Learned something extremely obvious about jumping rope

When I first taught myself how to jump rope, back in 8th grade or so, I initially assumed that you’d just swing the rope around at whatever rate you chose, and then hop over it each time it would otherwise hit you in the feet.

That’s not wrong exactly, but I found it really hard to get the timing right. In particular, I found myself going faster and faster until I couldn’t really keep up. Then I discovered a trick that made it much easier: between each jump over the rope I’d add a little token hop. All of a sudden the timing was much easier. That was how I jumped rope for years (although I mostly didn’t jump rope during those years).

A couple of times in the past few decades I’ve briefly jumped rope again, but at some point I was reading about jumping rope, and learned that this “double-hop” technique is considered poor form. (Because it makes it hard to add any of the fancy stuff you can do with a jump rope, like crisscross or double-under.)

So, I’ve been trying to break myself of this habit. It hasn’t been so hard, since I’m decades away from having formed it with little reinforcement in between.

What I’ve learned though is that I had it backwards right from the start.

The reason the double-hops seemed to help has to do with the natural resonant frequency of the foot/ankle/leg system. Basically, there’s a natural rate of hopping, where the natural “springiness” of your feet and lower leg syncs up, minimizing the amount of energy it takes to hop up into the air again. Hopping at any other frequency is harder. The double-hop method lets you stick with the natural resonate frequency, while allowing you to swing the rope only half as fast.

Understanding that, it turns out to be very easy to fix: Just hop in place a few times, and you’ll quickly find that natural frequency. Then, just swing the jump rope at that rate.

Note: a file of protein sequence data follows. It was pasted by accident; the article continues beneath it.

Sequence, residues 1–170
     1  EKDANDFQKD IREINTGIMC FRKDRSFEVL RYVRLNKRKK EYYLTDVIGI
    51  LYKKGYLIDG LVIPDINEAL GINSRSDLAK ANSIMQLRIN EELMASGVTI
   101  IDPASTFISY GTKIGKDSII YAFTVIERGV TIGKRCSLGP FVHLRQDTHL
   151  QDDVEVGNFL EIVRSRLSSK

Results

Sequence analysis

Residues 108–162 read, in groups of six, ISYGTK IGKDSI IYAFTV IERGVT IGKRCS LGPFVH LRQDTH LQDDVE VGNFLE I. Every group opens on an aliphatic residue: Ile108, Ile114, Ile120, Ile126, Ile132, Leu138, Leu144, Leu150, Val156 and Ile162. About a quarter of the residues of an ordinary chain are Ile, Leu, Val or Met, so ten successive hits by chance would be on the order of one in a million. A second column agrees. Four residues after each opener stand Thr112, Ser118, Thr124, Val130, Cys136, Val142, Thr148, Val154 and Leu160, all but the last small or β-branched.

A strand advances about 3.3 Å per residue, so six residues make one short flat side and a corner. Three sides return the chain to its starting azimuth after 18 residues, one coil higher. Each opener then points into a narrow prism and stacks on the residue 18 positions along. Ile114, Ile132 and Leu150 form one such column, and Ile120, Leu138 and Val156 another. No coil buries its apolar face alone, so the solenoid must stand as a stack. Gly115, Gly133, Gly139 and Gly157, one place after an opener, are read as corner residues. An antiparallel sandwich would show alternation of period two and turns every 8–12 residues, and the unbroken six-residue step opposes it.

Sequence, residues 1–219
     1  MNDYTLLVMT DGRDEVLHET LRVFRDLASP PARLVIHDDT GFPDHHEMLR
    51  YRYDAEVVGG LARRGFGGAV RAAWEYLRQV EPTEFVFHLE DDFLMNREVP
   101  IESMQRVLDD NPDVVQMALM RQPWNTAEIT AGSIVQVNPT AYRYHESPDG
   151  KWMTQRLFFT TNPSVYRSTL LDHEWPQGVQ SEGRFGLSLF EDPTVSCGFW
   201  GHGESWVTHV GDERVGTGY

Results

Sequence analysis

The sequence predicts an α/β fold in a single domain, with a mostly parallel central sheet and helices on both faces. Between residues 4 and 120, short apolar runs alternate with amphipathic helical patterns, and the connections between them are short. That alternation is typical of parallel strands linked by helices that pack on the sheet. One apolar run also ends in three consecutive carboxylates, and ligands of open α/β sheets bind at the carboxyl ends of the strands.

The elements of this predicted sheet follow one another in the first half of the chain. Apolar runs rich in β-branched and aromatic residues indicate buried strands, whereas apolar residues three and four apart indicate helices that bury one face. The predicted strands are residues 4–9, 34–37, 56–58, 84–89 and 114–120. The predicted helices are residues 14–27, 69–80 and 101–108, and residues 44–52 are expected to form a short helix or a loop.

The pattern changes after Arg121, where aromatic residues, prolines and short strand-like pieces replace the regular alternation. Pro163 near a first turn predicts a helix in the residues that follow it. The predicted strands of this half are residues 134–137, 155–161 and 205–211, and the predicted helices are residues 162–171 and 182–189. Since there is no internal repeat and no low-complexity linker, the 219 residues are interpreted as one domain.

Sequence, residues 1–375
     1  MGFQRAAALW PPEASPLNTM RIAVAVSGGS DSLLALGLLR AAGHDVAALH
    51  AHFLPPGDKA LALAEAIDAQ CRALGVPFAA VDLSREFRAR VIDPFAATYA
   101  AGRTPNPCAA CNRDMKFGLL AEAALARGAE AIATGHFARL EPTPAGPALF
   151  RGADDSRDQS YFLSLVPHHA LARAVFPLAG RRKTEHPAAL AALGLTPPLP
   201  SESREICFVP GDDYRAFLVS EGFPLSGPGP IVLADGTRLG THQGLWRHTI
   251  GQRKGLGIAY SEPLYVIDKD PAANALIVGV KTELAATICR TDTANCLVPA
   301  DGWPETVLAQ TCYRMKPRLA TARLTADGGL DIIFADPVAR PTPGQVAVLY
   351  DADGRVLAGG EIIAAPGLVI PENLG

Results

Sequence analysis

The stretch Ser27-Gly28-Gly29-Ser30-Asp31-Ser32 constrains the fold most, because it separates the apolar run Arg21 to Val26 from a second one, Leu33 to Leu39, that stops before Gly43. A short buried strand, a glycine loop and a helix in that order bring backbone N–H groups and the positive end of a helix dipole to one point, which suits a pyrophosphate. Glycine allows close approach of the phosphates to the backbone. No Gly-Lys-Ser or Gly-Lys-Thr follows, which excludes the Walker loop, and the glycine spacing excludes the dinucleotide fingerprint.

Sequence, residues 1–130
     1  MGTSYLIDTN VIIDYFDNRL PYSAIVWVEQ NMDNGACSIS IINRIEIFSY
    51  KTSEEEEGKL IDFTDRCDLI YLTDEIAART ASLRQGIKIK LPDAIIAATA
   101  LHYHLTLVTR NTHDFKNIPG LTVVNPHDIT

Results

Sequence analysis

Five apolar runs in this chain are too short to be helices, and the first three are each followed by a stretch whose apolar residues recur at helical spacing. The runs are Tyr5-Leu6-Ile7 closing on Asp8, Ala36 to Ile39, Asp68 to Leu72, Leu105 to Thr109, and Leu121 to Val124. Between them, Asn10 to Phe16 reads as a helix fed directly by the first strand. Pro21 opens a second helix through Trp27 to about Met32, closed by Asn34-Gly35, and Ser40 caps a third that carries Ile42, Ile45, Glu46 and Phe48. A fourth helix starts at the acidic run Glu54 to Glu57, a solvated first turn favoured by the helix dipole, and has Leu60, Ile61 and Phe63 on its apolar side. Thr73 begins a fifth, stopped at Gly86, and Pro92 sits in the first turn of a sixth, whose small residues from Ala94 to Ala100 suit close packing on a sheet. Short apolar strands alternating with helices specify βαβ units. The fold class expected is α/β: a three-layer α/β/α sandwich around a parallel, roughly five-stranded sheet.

Easy to fix, of course, doesn’t mean easy. Swinging the rope at twice the rate doesn’t double the intensity of the workout, but it does increase it significantly. I’ve had to back off on the length and number of my jump-roping intervals, although I’m already building back up.

My hope is that finding this resonate frequency, and getting myself synced back up with it, will help my running. (That is, I’m pretty sure that matching my foot turnover rate to the same resonate frequency will give me the most efficient running gait.)

We’ll see.

2020-04-16 08:32

This article makes a good point:

“Ultimately, we the public will decide when the economy reopens, not the government.”

If people decide not to fly, not to stay in hotels, not to eat at restaurants, and to wait and see how things work out before making major purchases, it doesn’t matter if the “stay-at-home” orders are lifted or not.

Source: It’s Ugly Out There | Tim Duy’s Fed Watch

Letter to Congressman Rodney Davis supporting the post office

I have written my congressman:

Dear Congressman Davis:

I am writing to urge you to support the United States Postal Service—both in general, and on an emergency basis.

The internet, email, and courier services all have their place, but the U.S. mail remains a critical service. It is used by many businesses and many individuals. Services only available from the post office (such as dated postmarks, and the presumption that something mailed has been delivered) are embedded into laws and common practices beyond counting.

On an emergency basis, the post office needs financial support similar to any business hard-hit by the pandemic.

On a longer-term basis, the post office needs relief from the onerous pension pre-funding rules imposed in 2006. (Or, if those rules are really a good idea, perhaps they should be extended to all businesses, and all local, state, and federal pensions.)

I remind you that the establishment of post offices is one of Congress’s enumerated powers, and urge you to work within Congress to ensure that the post office is preserved. Please let me know about the efforts you’re making.

Yours sincerely,

Philip M. Brewer

I wrote the letter, printed it out on paper, signed it, addressed an envelope, put a stamp on it, and dropped it in the outgoing mail. (I used t-rex stamps, which are really too good for Congressmen Davis, but I was trying to make a point.)